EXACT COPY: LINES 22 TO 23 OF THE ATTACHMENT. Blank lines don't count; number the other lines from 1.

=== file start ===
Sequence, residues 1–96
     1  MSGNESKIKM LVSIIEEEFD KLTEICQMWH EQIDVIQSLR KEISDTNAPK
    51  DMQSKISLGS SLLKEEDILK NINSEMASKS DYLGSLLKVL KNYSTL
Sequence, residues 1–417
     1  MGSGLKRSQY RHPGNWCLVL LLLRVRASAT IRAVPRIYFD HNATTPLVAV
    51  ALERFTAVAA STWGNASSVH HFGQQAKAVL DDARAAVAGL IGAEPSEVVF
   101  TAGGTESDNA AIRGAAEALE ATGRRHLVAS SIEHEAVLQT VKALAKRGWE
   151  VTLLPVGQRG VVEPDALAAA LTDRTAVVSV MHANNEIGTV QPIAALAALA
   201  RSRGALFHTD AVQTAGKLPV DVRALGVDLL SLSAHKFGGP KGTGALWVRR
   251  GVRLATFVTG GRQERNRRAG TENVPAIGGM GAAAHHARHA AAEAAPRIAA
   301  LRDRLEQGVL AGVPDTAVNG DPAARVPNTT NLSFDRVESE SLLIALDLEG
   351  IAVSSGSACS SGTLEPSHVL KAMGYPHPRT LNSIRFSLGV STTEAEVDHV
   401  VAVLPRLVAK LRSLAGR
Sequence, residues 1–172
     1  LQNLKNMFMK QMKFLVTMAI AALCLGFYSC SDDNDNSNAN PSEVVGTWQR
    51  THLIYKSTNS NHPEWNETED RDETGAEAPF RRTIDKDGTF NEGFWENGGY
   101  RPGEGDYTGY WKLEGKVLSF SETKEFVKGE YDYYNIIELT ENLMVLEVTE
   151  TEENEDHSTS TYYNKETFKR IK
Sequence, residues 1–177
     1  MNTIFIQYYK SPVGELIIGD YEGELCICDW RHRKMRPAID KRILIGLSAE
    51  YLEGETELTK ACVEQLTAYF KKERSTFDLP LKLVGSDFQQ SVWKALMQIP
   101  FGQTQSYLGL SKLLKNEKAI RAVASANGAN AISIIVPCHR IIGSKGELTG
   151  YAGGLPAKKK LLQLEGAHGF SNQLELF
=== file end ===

   101  FGQTQSYLGL SKLLKNEKAI RAVASANGAN AISIIVPCHR IIGSKGELTG
   151  YAGGLPAKKK LLQLEGAHGF SNQLELF